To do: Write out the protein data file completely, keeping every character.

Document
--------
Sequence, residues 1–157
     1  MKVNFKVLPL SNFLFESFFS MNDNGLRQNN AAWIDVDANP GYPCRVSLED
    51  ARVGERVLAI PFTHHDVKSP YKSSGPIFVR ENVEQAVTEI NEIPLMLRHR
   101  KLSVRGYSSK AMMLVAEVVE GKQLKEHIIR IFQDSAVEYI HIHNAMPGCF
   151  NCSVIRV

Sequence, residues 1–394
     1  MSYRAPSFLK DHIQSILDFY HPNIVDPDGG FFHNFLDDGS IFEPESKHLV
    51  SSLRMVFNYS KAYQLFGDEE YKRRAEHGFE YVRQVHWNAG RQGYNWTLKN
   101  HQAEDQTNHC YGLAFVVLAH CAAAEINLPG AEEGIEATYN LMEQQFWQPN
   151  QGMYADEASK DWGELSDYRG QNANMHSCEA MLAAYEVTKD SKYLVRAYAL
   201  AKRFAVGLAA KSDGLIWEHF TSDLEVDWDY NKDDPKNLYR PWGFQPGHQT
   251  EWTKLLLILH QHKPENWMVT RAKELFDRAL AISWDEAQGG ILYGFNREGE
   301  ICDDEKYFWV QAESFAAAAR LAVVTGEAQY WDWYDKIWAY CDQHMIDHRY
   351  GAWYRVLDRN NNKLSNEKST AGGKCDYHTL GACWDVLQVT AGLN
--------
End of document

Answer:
Sequence, residues 1–157
     1  MKVNFKVLPL SNFLFESFFS MNDNGLRQNN AAWIDVDANP GYPCRVSLED
    51  ARVGERVLAI PFTHHDVKSP YKSSGPIFVR ENVEQAVTEI NEIPLMLRHR
   101  KLSVRGYSSK AMMLVAEVVE GKQLKEHIIR IFQDSAVEYI HIHNAMPGCF
   151  NCSVIRV

Sequence, residues 1–394
     1  MSYRAPSFLK DHIQSILDFY HPNIVDPDGG FFHNFLDDGS IFEPESKHLV
    51  SSLRMVFNYS KAYQLFGDEE YKRRAEHGFE YVRQVHWNAG RQGYNWTLKN
   101  HQAEDQTNHC YGLAFVVLAH CAAAEINLPG AEEGIEATYN LMEQQFWQPN
   151  QGMYADEASK DWGELSDYRG QNANMHSCEA MLAAYEVTKD SKYLVRAYAL
   201  AKRFAVGLAA KSDGLIWEHF TSDLEVDWDY NKDDPKNLYR PWGFQPGHQT
   251  EWTKLLLILH QHKPENWMVT RAKELFDRAL AISWDEAQGG ILYGFNREGE
   301  ICDDEKYFWV QAESFAAAAR LAVVTGEAQY WDWYDKIWAY CDQHMIDHRY
   351  GAWYRVLDRN NNKLSNEKST AGGKCDYHTL GACWDVLQVT AGLN